12. Boris Becker: I’ve had a personal interest in Boris and his career ever since 1985 when he cleaned Kevin Curren’s clock to take the first of his three Wimbledon titles while erasing my 54-year span of being its youngest winner. Boris had a serve with an affinity for the Centre Court turf. He can give you a heavy whack with both his first or second, or slice it with wicked deception. He won one U.S. singles title and two in Australia, but Roland Garros refused to succumb to his power game.
13. Roy Emerson: When Roy wound up on his serve, he looked as if he were bowing to Wimbledon’s Royal Box, which could be habit-formed from having accepted the winner’s trophy there successively in 1964 and 1965. Elsewhere he walked off with two U.S., two French and a mere six Australian singles titles. Although these were before the Open era of tennis (1968), don’t knock it. Roy had what it takes.
14. Stefan Edberg: Stefan is almost a throwback to bygone years when the big events were on grass and 80 percent of the game’s best were serve-and-volleyers. Edberg’s was not a big serve, but his sure-handed, superbly-reflexed and fearless net play won him two titles at Wimbledon, the US Open and the Australian Open, plus a runner-up showing at the French in 1989. How many more would be crowding his trophy room if he could have waltzed in behind such trenchant deliveries as McEnroe’s, Becker’s, Ivanisevic’s, Sampras’s and Krajicek’s? Double maybe?
15. René Lacoste: Inventor of the first ball-throwing machine, the metal racquet and, of course, the chemise Lacoste, René had a tennis game that was every bit as mechanical as his creative brain. As the leader of the Four Musketeers of the courts (with Henri Cochet, Jean Borotra and Jacques Brugnon), René combined his Maginot Line defense game with pinpoint angled, counter-attacking ripostes. His two Wimbledon, two U.S. and three French wins were against such toughies as Bill Tilden and his compatriots Cochet and Borotra.
You might notice that there are some major omissions from this list of top 15 players of all time. Of course missing are the greatest players of the current era, Roger Federer and Rafael Nadal, as well as Andre Agassi, a winner of eight majors, including a career Grand Slam. My father was fortunate to have the opportunity late in his life to watch these three compete, but was not able to put his thoughts down on paper as part of this compilation. However, he was a big fan of all three players and would no doubt have place them in at least the top 10 of this list. Of Federer, he said he was the most intelligent player he had seen in over 50 years. Of course winning more major singles titles than any other man would place him near the top of this list. Unfortunately, my father passed away just months before Federer won the 2009 French Open that completed his career Grand Slam, and his record-breaking 15th major singles title weeks later at Wimbledon.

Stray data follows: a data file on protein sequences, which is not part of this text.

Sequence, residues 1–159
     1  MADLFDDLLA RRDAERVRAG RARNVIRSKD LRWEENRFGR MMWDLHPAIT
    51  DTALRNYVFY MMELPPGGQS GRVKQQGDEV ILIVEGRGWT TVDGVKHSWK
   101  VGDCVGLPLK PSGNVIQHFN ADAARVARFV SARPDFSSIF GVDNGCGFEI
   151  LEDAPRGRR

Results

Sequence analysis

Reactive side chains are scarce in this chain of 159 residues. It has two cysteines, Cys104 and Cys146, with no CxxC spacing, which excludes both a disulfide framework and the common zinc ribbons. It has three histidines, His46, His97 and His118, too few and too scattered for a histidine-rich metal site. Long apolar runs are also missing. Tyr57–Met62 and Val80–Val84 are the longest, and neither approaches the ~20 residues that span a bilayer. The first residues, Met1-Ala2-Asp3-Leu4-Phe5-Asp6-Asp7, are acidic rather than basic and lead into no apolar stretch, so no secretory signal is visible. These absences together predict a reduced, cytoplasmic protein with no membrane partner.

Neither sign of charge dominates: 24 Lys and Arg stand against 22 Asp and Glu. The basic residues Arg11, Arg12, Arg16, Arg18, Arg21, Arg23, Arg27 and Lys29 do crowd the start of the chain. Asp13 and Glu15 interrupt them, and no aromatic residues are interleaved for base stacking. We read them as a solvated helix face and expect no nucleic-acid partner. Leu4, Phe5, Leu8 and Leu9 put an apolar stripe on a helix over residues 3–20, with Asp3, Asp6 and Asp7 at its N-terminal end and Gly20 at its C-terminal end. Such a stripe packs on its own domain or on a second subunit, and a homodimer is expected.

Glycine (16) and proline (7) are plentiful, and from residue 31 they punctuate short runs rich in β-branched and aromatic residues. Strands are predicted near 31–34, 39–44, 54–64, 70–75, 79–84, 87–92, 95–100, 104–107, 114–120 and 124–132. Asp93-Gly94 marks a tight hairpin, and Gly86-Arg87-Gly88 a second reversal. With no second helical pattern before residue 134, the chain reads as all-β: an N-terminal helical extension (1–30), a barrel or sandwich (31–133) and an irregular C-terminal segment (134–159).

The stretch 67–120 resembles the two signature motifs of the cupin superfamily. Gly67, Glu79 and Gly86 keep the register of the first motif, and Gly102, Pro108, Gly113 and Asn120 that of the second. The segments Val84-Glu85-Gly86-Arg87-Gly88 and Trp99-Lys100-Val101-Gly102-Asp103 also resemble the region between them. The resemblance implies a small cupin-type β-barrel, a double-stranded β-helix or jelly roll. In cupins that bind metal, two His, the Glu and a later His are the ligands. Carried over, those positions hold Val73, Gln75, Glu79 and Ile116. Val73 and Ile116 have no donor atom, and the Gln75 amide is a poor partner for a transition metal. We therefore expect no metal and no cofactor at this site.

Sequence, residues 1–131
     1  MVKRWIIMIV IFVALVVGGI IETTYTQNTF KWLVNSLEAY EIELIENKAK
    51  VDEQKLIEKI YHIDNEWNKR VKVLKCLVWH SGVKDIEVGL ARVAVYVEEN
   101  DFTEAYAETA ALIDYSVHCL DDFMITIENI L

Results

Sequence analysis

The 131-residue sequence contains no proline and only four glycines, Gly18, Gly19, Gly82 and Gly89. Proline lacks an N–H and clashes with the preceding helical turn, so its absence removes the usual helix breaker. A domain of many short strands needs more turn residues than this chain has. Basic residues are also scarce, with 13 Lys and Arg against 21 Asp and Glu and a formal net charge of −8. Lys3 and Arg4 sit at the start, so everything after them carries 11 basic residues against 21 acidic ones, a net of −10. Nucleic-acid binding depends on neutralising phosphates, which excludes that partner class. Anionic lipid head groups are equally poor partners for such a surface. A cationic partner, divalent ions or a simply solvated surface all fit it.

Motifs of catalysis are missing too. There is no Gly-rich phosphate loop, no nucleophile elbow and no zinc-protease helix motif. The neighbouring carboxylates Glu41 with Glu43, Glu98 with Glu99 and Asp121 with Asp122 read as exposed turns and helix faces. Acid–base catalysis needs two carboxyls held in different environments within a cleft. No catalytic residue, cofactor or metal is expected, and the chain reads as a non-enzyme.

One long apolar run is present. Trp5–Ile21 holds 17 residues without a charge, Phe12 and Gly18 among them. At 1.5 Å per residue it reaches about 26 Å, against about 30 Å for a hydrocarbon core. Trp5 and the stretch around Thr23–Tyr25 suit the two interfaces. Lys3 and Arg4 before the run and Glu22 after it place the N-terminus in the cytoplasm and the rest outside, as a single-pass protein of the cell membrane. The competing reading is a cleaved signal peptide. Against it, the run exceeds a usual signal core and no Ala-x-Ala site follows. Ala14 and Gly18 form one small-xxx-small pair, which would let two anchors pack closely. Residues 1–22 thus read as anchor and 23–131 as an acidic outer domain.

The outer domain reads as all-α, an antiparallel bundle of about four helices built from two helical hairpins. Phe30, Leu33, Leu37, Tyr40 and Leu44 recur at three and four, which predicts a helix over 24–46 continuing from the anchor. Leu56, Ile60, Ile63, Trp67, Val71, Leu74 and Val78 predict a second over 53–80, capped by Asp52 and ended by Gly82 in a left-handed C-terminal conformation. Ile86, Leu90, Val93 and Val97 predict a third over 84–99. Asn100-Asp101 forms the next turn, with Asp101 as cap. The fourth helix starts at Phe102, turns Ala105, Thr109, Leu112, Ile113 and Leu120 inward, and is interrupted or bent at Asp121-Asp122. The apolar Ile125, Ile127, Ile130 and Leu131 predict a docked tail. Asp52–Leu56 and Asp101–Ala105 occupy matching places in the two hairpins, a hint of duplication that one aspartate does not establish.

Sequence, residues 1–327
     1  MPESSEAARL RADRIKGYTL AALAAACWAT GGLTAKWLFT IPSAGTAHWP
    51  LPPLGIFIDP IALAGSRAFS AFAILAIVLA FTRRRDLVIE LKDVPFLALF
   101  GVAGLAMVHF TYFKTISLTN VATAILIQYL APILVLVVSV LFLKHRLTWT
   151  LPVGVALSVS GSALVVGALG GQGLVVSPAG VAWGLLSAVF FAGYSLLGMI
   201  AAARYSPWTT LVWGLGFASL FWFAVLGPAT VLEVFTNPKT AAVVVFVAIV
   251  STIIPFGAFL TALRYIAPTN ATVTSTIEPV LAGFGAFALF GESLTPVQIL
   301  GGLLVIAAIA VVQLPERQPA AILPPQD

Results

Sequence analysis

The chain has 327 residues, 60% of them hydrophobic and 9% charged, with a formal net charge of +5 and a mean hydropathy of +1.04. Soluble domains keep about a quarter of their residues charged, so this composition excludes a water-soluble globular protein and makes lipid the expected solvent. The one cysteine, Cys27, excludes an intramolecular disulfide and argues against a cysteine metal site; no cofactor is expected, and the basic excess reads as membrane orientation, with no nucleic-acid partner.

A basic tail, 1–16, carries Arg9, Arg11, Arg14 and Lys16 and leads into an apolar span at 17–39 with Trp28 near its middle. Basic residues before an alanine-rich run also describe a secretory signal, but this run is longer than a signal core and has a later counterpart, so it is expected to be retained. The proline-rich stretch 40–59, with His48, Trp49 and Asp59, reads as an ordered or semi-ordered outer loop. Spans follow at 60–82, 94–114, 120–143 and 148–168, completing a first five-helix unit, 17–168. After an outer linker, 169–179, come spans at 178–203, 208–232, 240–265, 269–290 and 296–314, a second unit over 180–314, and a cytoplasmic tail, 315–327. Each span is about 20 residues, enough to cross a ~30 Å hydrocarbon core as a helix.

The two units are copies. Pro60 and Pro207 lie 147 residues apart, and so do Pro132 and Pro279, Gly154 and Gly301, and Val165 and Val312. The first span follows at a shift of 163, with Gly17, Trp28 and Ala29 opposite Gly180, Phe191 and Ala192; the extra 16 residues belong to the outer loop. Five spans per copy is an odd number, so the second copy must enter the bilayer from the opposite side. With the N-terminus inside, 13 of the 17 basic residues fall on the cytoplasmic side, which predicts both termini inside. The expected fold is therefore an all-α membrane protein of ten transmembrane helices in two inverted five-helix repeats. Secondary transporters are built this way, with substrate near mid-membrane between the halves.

In addition to admiring Nadal’s ferocious physical game, my father admired Nadal’s great sportsmanship. My father came from an era in which sportsmanship was expected and the rule of the day. Nadal’s character and how he presents himself was not lost on him. While my father was not around to see Nadal clinch his career Grand Slam at the 2010 US Open, that milestone achievement would have rated him very high on this list.
Agassi was a player who grew on my father. When he first burst on the scene, my father detested his long hair and look – preferring the clean cut style of his own era. In fact, he would often go out of his way to not watch Agassi play. Through the years, however, he began to appreciate him more and admired his strength, speed and the way he played and took great joy in watching him in action. If Agassi’s final body of work (established after my father’s writing) is considered, he too would rank well against the players mentioned in this list, especially with his eight majors that included at least one each of the Big Four.
- David Wood